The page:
Claimed he'd never heard of ZeniMax. With a straight face.
Facebook boss Mark Zuckerberg shed new light on the social network's 2014 acquisition of Oculus VR Tuesday in a Dallas federal court. Zuck took the stand as part of a trial between Oculus and ZeniMax, the rival games developer that has accused Oculus of stealing the virtual reality technology that it uses at the heart of its …
Wednesday 18th January 2017 07:29 GMT cuddlyjumper
I'd be far more interested to see Carmack take the stand. Not only is he the central figure in this, but from what I have seen of him, he is intelligent, lucid and very much able to speak for himself.
Plus of course if it all fails he can presumably whip out a BFG and destroy all the lawyers in the room...
Wednesday 18th January 2017 09:29 GMT Aristotles slow and dimwitted horse
Wednesday 18th January 2017 10:19 GMT Kane
Wednesday 18th January 2017 13:28 GMT Starace
I can believe the claim that a certain person actually had little in the way of tech or prototype.
And that an established game company would have something developed.
And that when there was a hype bandwagon to jump on with a pile of cash attached someone saw an opportunity.
The whole Oculus story has been full of bullshit from the start so an extra helping would at least be consistent.
Wednesday 18th January 2017 12:54 GMT Pascal Monett
"a $2bn deal that was actually closer to $3bn after expenses"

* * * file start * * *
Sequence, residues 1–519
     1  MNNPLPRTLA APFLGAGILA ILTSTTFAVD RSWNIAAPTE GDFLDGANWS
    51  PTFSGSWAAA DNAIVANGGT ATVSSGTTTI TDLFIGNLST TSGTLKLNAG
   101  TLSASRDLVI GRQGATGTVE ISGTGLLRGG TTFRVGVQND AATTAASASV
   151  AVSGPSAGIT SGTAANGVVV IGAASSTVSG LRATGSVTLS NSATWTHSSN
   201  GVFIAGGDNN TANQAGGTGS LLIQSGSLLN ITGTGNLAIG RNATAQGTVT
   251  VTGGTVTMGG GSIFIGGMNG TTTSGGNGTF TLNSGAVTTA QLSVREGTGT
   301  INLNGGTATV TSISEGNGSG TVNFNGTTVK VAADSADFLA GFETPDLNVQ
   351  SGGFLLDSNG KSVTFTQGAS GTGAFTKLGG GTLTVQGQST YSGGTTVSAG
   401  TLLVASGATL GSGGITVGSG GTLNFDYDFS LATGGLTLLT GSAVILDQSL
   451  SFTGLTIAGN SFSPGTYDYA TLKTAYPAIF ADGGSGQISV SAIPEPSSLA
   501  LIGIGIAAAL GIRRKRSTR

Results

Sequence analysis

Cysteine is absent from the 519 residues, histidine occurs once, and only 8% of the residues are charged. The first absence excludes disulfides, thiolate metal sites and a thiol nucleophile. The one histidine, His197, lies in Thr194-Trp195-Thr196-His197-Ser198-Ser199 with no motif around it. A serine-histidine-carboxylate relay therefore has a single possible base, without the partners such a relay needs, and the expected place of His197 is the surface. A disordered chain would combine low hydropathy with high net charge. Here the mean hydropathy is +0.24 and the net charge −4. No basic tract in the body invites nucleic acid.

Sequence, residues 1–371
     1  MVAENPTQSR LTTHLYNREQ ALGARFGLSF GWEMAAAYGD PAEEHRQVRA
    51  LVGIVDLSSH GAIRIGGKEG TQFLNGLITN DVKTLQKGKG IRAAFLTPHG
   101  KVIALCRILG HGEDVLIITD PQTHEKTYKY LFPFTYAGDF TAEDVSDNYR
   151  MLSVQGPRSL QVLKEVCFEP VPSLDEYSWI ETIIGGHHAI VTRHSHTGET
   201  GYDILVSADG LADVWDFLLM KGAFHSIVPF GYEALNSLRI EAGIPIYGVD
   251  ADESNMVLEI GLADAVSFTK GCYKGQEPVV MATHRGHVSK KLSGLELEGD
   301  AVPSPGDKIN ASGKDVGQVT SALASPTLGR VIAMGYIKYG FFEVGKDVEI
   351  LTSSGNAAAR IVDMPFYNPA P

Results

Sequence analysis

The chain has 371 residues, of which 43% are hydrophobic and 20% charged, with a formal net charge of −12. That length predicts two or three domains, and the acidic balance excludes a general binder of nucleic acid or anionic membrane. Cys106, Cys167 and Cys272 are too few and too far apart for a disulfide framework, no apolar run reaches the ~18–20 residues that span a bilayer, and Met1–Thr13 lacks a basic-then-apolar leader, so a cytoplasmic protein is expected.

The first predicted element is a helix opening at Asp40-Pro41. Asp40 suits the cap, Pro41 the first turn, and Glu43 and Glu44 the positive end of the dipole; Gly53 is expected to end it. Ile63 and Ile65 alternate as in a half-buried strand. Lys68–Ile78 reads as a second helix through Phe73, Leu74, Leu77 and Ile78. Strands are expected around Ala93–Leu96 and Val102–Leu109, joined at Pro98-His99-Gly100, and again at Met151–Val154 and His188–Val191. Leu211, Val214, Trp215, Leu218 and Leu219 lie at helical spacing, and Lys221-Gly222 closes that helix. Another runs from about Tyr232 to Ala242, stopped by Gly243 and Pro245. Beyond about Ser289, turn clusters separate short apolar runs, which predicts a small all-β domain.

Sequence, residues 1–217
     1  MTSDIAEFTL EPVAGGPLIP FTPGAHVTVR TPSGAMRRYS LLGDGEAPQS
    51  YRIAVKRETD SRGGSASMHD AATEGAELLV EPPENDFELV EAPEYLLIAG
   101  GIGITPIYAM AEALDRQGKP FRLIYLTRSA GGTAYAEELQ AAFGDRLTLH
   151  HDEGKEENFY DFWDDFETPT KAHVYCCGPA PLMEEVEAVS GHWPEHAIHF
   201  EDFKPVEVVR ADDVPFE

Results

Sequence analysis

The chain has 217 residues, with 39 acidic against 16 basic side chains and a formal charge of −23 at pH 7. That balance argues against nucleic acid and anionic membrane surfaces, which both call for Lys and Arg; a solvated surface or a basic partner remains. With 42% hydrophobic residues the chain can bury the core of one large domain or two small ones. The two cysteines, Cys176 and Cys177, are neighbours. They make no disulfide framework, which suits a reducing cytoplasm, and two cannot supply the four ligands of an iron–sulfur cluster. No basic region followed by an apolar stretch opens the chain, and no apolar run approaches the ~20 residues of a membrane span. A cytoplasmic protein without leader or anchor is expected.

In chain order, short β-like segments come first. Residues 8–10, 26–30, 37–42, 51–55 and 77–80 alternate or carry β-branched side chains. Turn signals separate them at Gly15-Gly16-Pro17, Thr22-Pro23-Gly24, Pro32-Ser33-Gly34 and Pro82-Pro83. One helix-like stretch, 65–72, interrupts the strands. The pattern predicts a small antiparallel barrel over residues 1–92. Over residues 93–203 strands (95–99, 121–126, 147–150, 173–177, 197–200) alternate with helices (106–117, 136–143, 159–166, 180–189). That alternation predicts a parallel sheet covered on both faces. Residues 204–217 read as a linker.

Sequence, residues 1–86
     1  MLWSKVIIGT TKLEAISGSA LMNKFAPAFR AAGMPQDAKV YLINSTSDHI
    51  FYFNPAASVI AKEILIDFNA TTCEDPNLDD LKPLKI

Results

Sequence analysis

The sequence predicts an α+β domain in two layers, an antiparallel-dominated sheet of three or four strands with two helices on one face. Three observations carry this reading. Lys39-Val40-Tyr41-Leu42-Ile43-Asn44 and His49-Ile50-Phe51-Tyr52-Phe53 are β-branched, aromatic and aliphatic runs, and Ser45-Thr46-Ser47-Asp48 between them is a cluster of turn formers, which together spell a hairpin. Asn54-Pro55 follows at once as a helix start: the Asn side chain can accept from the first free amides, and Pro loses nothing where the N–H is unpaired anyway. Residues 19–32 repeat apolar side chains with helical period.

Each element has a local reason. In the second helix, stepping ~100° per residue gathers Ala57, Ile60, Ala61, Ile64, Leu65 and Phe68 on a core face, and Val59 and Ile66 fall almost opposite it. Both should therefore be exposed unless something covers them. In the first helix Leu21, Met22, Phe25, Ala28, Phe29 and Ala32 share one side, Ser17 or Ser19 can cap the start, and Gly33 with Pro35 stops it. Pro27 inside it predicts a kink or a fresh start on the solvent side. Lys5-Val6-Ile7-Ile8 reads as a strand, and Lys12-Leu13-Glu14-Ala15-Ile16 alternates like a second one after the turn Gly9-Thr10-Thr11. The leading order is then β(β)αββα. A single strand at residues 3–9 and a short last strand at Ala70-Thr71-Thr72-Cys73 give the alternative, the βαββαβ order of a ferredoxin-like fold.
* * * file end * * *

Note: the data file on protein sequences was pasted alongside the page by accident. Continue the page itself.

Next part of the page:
Only in billionaire-land can you push a major deal that costs 150% of the initial figure without getting fired.
In every other case, there are people analyzing, evaluating, reporting and checking that the deal goes through for the amount initially forecast, otherwise there is hell to pay to explain why there is difference and who is the dimwit that didn't have the experience to plan for it.
But hey, in this case the dimwit is the owner, so what can you say ?
Wednesday 18th January 2017 14:47 GMT Michael Jarve
Many moons ago...
I seem to remember that a few years ago, Ars Technica did a piece on the Virtuix Omni, a VR peripheral that, at the time, actually made VR seem worthwhile. The story, as well as one of the first stories that Ars did on the Oculus Rift showed that even then there was a close connection between ZeniMax (by proxy of ID Software) and Oculus. One of the first games mentioned in the Rift story was Doom 3 and one the use cases for the Virtuix Omni was walking around in Skyrim. Back then Oculus was a hardware company looking for software to showcase their technology, and I'm sure that without the help of ZeniMax/ID it would have taken longer to develop the Rift or the software to showcase it. ZeniMax may not have created the Oculus, but I have little doubt that some of their code or technology made it into Oculus' own when Carmack joined up; John may have developed and written the code, but if he wrote it and developed it while still at ID, then it belongs to them.